In entrepreneurship, a classic flight response is procrastination. This often occurs as a reaction to not having full clarity on how to move forward. Another reason may be having a sense of not feeling ready or capable, which then triggers the survival brain to flee the task. This can also lead to fleeing by engaging in numbing behaviors to intentionally distract yourself, such as binge-watching television, comfort eating, or any other type of overindulgent behaviors.
This plays out as inaction or indecision, and often occurs when you are overwhelmed from the amount of work you need to complete. This survival response comes from the strategy of playing dead, where if you pretend not to exist, perhaps the problem will go away.
This fight-flight-freeze response is what often occurs when we face VUCA situations in our business. This is why we often don’t feel like working and procrastinate. Or, we don’t feel like working on the most important action steps that will help the business thrive.
However, it’s in the executive state that you are able to access some of your brain’s most critical functions that will help you uncover the solutions you are looking for in your business.
The reason for this is because you’re able to activate the following:
Critical thinking skills
You are able to take a look at all the variables involved with a particular challenge and come up with a solution. This experience where your brain can connect the dots and finally see the solution only occurs in an executive state.
This is the ability to make great decisions.
We need our creativity because it allows us to see things we normally wouldn’t have paid attention to before. This helps our brain see new solutions and opportunities that are there, and that the survival brain would not have seen otherwise.
Many business leaders often hurt team culture because they enter into survival state. It’s hard for them to see all the needs that may be communicated to them, whether it’s from the employees or the customers. This occurs because the focus becomes protecting yourself when you’re in survival state.
How to activate your executive state
Awareness is what will help you get out of survival state and into your executive state. You cannot change until the awareness of the real problem is there first. If you have a piece of broccoli stuck between your teeth, you don’t have the power to remove it until someone points it out to you or you see it in the mirror. So the first and foremost step is to examine your own actions, and reflect on how many of them were a reactive fight-flight-freeze response.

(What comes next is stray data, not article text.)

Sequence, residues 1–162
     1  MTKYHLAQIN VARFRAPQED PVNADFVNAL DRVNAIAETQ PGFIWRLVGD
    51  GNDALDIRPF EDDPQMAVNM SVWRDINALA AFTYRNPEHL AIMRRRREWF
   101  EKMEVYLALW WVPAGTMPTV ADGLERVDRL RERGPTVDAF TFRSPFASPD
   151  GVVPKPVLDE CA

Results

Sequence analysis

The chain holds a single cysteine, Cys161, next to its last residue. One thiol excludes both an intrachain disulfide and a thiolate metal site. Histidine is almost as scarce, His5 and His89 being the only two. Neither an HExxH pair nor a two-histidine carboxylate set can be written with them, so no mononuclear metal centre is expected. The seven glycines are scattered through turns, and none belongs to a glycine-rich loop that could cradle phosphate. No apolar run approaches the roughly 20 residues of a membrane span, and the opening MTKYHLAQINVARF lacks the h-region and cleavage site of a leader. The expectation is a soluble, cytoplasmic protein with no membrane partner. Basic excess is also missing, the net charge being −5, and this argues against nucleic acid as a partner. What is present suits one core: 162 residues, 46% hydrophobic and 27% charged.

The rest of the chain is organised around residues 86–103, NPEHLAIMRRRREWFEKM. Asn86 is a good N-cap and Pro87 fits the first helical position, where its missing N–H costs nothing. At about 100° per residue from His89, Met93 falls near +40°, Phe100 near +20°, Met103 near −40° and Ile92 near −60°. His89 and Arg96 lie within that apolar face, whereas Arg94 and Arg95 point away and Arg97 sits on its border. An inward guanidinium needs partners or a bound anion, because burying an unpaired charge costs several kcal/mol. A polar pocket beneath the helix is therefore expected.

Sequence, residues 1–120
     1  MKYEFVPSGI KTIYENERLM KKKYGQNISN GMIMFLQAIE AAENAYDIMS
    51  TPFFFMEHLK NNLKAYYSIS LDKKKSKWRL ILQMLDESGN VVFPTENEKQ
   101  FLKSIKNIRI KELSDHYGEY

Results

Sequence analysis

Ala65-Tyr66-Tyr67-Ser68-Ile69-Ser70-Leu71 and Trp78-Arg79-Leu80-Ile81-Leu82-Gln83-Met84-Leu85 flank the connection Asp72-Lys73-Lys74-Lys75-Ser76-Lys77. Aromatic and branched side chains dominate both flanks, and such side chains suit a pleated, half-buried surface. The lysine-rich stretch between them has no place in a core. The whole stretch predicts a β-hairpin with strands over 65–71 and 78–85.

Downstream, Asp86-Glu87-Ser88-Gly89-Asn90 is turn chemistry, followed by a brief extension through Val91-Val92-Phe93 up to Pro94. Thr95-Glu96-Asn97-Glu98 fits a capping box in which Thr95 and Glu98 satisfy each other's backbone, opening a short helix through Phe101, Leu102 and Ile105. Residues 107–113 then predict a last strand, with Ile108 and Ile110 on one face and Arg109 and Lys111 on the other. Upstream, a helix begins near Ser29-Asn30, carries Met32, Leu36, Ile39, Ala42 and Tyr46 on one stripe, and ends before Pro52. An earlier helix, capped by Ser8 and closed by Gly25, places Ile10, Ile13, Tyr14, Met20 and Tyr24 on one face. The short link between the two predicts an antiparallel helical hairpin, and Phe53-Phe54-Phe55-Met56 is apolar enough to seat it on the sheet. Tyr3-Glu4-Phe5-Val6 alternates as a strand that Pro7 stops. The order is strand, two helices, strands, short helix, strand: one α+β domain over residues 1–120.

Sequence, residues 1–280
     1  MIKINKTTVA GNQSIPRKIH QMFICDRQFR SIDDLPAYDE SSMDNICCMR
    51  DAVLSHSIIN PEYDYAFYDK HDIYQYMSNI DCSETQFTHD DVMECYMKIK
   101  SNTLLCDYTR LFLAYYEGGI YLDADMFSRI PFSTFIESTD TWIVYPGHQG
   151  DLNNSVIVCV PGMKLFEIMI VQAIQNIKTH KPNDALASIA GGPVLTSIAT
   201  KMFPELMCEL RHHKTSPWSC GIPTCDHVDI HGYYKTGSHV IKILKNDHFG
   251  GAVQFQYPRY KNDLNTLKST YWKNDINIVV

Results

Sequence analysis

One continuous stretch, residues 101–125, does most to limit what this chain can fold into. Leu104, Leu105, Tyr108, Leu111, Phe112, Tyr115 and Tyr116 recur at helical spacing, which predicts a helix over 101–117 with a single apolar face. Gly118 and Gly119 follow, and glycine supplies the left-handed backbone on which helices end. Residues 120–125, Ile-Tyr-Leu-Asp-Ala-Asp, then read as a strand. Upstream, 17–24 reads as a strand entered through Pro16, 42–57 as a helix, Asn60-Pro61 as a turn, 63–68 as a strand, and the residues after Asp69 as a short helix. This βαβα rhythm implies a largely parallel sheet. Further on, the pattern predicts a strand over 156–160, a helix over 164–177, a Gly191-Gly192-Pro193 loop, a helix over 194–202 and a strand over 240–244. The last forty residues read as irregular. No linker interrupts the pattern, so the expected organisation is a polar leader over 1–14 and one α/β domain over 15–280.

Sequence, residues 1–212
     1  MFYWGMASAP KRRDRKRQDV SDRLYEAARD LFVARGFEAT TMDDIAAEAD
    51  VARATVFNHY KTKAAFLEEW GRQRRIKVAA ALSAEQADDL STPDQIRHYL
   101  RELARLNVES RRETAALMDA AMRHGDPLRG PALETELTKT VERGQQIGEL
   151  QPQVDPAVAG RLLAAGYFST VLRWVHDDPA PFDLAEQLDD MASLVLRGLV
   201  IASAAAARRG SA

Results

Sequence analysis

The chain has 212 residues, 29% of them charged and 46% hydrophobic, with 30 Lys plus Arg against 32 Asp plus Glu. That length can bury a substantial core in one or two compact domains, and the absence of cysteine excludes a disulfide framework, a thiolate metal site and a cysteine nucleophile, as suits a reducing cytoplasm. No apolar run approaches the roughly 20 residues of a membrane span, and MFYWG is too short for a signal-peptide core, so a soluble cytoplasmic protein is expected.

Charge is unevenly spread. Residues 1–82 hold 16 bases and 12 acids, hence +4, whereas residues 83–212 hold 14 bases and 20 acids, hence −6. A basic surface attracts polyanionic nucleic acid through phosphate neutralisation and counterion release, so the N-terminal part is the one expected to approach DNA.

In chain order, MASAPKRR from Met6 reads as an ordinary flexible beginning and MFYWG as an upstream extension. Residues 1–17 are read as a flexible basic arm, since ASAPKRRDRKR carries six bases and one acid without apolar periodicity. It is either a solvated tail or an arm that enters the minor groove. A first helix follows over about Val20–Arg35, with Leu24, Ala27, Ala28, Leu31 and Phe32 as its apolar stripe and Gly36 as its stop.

This journey of self-awareness is the key factor to tapping into your executive state, so you can start seeing the opportunities and solutions that have always existed for you and your business. That’s when you realize what you thought was the problem wasn’t the real problem. And that realization is what helps you address the true bottleneck that may be affecting your business.
This is exactly why some of the most forward-thinking companies are implementing things like mindfulness meditation into their culture. There are also neurofeedback technologies that can sense whether your brain is in a survival state or executive state and train you to get out of survival on a more moment to moment basis.
These are all great starts to improving performance as we continue to find more scientific evidence around how to shift the parts of the brain that aren’t serving you. So make time each day to simply observe. How often do you engage in the reactive fight-flight-freeze response?
Do you notice your triggers where it upsets you? That’s a fight response.
Do you notice times you procrastinate because you don’t feel like working? That’s a flight response.
Do you tend to enter into indecision when you have too much work on your plate? That’s a freeze response.
Whatever you notice, once you become more aware of these reactive survival reactions that significantly delay your progress, you’ve given yourself the power to start the process of change and improvement.